The contents of /var/www/cgi-bin/myscript-2.py are:
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#!/usr/bin/python
import cgi
form = cgi.FieldStorage()
print "Content-Type: text/html"
print ""
print ""
print "

CGI Script Output

"
print ""
print "The user entered data are:
"
print "First Name: " + form["firstName"].value + "
"
print "Last Name: " + form["lastName"].value + "
"
print "Position: " + form["position"].value + "
"
print "
"
print "
" As mentioned previously, the import cgi statement is needed to enable functionality for accessing user-entered data from web-based input forms. The web-based input form is encapsulated in the form object, which is a cgi.FieldStorage object. Once again, the "Content-Type: text/html" line is required so that the web server knows what type of output it is receiving from the CGI script. The data entered by the user are accessed in the statements that contain form["firstName"].value, form["lastName"].value, and form["position"].value. The names in the square brackets correspond to the values of the name parameters defined in the text input fields in /var/www/html/page2.html.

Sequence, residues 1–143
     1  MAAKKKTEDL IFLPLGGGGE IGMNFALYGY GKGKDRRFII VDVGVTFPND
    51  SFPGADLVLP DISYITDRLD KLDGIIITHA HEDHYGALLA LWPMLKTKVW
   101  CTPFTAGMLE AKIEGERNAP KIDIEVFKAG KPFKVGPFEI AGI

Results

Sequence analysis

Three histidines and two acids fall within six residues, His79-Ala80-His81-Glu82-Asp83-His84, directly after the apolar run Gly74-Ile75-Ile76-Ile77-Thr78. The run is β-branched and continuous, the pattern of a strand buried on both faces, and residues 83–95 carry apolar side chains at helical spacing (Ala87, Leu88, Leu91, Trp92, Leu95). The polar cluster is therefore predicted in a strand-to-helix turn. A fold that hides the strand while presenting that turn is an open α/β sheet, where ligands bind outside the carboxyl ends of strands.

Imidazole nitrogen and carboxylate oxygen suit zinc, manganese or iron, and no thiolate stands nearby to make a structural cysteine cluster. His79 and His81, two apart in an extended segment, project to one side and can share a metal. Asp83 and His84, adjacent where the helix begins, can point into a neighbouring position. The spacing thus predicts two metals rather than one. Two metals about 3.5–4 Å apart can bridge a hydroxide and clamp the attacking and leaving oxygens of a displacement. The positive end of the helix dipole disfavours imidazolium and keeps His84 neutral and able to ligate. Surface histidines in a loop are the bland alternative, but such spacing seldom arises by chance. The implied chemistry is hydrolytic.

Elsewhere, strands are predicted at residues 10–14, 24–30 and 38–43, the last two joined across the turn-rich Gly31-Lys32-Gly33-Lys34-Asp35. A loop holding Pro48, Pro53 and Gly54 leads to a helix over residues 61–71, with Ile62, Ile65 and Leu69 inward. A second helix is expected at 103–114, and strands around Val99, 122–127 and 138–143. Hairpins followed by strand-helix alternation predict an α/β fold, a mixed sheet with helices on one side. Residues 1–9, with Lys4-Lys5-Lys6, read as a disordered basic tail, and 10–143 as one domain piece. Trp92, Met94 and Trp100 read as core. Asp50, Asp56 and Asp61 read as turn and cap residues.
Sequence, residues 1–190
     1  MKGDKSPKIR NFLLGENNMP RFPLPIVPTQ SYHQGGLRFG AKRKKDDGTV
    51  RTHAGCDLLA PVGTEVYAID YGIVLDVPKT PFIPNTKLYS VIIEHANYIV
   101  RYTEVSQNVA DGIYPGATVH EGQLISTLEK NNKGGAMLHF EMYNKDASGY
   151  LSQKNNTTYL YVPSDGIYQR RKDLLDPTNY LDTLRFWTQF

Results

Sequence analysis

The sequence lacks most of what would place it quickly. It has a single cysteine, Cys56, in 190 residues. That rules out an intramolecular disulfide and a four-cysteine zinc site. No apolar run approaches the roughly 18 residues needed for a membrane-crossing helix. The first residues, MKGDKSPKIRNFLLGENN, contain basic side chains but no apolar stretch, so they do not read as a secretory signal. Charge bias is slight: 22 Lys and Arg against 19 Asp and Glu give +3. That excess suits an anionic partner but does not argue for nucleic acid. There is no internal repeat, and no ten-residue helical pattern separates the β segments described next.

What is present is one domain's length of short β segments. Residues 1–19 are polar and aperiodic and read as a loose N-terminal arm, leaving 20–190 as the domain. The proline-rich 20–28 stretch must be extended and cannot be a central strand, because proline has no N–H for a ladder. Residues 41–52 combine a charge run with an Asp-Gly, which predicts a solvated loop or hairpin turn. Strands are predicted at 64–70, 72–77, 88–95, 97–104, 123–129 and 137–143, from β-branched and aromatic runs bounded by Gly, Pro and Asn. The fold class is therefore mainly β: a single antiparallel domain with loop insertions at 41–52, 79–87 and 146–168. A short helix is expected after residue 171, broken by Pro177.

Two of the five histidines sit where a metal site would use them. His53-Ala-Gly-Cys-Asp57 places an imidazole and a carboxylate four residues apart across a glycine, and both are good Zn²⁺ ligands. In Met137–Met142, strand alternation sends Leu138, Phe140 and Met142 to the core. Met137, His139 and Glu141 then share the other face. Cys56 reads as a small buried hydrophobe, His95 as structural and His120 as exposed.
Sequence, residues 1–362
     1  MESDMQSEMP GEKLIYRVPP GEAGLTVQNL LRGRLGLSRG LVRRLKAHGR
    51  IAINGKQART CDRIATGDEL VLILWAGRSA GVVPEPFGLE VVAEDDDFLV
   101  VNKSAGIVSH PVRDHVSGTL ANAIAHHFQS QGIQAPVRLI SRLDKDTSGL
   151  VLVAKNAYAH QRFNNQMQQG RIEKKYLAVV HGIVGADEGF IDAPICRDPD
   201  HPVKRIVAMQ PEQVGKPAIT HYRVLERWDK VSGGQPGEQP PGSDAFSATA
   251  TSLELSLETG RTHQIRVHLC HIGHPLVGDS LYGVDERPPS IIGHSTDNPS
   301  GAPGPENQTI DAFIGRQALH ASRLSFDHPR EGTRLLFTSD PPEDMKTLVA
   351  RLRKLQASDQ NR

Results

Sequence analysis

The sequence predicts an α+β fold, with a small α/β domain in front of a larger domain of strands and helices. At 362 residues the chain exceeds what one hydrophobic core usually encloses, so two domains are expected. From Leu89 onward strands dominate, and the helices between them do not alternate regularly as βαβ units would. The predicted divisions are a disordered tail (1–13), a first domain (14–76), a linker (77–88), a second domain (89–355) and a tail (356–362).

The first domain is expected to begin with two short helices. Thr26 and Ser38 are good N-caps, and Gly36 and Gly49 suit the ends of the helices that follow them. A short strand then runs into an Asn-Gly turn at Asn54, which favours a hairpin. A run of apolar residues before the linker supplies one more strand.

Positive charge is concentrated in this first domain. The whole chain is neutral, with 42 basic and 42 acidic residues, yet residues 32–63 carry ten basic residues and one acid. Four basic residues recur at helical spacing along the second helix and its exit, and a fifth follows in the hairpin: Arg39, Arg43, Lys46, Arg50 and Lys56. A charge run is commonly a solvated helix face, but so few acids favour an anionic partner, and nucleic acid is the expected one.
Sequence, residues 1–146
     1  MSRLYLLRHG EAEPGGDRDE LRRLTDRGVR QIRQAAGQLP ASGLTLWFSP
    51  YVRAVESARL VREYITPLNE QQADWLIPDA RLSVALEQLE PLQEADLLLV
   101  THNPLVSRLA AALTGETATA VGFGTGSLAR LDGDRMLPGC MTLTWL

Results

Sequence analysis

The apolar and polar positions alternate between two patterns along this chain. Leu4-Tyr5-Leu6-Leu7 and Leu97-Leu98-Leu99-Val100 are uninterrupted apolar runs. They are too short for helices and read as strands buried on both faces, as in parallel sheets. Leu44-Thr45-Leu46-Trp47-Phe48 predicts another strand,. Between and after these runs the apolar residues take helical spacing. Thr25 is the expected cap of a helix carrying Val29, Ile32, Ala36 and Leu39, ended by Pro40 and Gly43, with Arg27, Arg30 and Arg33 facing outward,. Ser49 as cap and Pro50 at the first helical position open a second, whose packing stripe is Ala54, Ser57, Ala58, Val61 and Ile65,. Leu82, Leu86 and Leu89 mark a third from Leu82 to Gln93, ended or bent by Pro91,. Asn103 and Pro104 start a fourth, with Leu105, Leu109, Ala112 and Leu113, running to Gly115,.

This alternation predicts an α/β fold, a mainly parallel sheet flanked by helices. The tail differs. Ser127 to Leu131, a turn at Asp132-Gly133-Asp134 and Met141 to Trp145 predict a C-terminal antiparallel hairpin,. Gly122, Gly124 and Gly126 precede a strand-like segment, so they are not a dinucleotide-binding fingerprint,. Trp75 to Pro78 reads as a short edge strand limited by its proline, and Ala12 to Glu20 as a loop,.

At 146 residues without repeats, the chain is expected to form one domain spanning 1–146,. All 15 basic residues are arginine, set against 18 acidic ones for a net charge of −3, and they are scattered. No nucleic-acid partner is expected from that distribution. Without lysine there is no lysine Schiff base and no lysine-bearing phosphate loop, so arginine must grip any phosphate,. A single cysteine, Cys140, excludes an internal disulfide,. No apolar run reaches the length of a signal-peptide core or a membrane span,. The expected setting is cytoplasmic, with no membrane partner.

When the "Submit" button is clicked in the above webpage, the following webpage is returned:

The take-home point with this example is that you can easily read and display user-entered data from web-based input forms. In addition to processing data as strings, you can also use Python to convert user-entered data to numbers that can be used in numerical calculations.

Summary